SaaS Business Model: How It Works And How To Make Money With It
by Inna M. on Jan 3, 2023
Some software trends come and go, and some are here to stay. The concept of Software as a Service has been around for several decades and is still as fresh and popular among businesses and software vendors as ever. With 99% of companies using at least one SaaS product routinely, the Software as a Service industry can be a very lucrative one to join.
In part one of our investigation of the SaaS business model, we will talk about what SaaS is, what are its biggest benefits, and which ways to make money with a SaaS business idea there are.
What is Software as a Service?
Before we can talk about the specifics of SaaS development, monetizing SaaS products, and the biggest trends that will shape this industry in the coming years, let’s start with the basics: what Software as a Service is and how it works.
Software as a Service is a software distribution model where the application is hosted on a cloud service and the customer can access it over the internet, as opposed to the traditional distribution model where the application is installed on the customer’s computer and is not necessarily dependent on the internet to run.
SaaS is closely related to the cloud software industry, although they are not completely the same. SaaS software has a nearly endless variety of uses, both personal and business-related, and the complexity, functionality, and adoption rate of SaaS products continues to expand. Over the past 7 years, the SaaS industry has grown by 500% and is only expected to go up from here.
How does Software as a Service work?
SaaS companies develop applications on-site and distribute them over the internet. In other words, they are free of any physical distribution models. Some Software as a Service releases are a product of collaboration between two or more development companies. In most cases, there are two ways in which SaaS products are created:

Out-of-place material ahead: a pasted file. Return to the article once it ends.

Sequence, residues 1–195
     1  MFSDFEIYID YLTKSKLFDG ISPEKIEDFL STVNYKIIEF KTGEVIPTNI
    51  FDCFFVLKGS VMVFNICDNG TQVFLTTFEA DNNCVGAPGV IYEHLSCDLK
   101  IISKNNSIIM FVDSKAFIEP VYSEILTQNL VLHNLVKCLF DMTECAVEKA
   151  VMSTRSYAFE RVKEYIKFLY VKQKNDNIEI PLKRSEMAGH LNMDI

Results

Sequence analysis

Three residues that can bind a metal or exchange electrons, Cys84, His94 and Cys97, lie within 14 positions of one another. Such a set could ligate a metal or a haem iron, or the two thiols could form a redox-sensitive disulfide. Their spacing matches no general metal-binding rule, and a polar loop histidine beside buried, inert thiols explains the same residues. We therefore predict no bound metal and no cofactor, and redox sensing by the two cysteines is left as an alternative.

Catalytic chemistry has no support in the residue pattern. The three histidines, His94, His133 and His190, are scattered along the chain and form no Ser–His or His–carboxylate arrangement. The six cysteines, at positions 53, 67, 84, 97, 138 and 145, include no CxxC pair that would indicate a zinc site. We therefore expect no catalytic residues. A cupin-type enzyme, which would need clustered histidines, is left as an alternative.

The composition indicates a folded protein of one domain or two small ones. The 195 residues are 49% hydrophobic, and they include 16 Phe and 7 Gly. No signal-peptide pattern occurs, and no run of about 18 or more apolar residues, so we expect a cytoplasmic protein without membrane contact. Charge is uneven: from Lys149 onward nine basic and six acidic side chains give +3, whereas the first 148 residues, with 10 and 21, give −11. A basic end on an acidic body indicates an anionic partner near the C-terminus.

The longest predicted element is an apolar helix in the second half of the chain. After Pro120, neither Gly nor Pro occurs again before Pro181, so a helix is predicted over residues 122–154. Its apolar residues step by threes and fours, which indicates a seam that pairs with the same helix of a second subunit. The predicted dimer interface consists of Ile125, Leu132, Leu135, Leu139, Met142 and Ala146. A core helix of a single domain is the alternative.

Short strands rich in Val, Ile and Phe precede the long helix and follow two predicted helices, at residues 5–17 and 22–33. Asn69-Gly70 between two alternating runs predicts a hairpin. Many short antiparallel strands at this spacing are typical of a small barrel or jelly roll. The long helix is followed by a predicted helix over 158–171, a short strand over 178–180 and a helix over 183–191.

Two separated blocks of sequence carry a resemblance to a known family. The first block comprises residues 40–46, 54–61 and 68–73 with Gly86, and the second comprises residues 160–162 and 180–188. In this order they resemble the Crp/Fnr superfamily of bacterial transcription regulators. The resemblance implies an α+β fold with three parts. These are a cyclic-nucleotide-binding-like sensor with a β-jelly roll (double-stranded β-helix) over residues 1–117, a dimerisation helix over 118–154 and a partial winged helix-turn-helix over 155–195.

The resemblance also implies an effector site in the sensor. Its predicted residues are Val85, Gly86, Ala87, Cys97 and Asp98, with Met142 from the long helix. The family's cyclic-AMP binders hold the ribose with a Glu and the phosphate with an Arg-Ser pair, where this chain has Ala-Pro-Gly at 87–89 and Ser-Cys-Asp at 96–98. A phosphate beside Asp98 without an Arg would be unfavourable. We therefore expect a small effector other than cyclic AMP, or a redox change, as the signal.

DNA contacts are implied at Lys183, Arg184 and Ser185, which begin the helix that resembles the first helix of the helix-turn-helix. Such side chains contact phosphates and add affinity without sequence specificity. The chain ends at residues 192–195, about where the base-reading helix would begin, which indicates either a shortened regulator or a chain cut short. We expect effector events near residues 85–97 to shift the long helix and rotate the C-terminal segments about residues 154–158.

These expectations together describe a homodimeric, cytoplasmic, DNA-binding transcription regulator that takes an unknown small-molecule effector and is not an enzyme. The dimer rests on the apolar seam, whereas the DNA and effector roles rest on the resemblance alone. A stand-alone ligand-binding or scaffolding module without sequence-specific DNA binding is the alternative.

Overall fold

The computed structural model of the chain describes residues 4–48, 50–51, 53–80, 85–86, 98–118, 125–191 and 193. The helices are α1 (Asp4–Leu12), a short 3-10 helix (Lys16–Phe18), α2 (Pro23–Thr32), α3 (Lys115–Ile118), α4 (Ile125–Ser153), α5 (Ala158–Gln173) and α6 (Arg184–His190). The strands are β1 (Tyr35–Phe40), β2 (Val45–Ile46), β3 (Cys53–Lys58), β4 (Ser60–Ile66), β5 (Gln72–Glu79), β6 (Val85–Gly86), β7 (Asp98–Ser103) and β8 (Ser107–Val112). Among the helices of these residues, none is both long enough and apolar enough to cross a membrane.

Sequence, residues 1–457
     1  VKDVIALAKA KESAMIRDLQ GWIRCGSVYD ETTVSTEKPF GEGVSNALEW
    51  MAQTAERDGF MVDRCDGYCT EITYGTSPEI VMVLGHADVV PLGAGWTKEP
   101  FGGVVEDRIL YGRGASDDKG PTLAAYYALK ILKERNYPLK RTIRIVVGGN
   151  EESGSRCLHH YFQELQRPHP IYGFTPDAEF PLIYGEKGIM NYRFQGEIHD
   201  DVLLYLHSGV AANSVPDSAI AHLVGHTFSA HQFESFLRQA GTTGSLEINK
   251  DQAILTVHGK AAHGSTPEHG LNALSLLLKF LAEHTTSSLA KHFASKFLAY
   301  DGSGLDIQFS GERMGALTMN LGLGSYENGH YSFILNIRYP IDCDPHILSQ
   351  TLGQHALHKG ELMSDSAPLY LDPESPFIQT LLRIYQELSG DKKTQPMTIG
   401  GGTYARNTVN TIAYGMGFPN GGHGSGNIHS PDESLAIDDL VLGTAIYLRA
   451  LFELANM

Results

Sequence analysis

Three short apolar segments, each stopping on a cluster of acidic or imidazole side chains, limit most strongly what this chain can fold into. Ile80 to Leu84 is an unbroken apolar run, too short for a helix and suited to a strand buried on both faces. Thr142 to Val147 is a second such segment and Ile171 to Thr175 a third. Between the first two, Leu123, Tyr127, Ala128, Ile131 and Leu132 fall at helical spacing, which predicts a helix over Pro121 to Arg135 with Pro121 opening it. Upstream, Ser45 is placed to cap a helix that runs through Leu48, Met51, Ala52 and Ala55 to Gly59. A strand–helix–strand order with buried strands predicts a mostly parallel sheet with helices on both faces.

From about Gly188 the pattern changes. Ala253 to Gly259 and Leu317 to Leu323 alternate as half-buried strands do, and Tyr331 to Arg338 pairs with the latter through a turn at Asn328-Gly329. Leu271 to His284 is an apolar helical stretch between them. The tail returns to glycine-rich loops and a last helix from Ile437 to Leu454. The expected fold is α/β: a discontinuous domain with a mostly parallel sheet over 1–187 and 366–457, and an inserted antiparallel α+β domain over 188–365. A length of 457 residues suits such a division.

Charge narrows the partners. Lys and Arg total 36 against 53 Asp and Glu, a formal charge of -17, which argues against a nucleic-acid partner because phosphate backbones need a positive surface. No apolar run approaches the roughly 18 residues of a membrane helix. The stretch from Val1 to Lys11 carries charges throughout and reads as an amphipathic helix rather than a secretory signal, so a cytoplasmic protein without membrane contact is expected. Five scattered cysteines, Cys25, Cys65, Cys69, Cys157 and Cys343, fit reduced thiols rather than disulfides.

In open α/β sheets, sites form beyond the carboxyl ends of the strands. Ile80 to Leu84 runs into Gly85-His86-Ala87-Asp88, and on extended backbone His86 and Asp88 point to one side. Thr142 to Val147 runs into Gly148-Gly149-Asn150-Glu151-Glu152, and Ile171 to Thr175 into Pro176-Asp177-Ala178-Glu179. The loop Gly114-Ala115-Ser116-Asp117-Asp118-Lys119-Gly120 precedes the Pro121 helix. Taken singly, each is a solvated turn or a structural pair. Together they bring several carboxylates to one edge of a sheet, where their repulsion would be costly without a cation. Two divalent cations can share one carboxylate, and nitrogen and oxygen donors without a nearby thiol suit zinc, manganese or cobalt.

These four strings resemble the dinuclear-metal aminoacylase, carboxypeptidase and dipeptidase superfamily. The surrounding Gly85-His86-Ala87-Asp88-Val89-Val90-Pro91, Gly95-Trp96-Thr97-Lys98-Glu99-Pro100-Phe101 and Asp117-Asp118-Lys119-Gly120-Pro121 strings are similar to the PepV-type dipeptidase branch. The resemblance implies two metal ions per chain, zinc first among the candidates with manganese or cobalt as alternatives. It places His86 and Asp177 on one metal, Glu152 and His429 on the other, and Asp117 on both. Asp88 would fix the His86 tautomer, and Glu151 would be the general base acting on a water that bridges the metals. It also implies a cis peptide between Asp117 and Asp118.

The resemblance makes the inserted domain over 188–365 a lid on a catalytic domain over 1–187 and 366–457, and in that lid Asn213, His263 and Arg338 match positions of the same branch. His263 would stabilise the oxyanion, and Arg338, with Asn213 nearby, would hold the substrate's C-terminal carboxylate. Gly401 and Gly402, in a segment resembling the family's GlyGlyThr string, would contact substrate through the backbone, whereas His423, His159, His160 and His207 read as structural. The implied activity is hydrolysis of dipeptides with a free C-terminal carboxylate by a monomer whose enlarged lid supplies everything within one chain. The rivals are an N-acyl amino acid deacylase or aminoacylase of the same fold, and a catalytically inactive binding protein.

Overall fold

- The business owner has a software idea. They approach a SaaS vendor, describe their idea and other specifics of the future product, and have a custom SaaS solution developed specifically for them. Unless otherwise stated in the contract, the SaaS vendor can then modify and resell the product to other customers.
- The SaaS company develops a product based on its own business idea and then distributes it to the customers as-is or with any required modifications.
A SaaS vendor can focus on different industries, decide to only work with enterprise-level customers or startups, and choose different distribution models and revenue streams — more on that later in the article.
The history of SaaS products
Software as a Service is commonly imagined as a product of the internet, but this type of software has been around long before the internet became widely available. In fact, most of the early SaaS customers used to access the necessary software using floppy disks. Here are more facts about the history of Software as a Service, from its early days to the current state of the technology.
- The earliest known example of SaaS was called the Compatible Time-Sharing System. It was developed by MIT in 1961 to help companies that needed to use computing powers but did not want to invest in an expensive mainframe.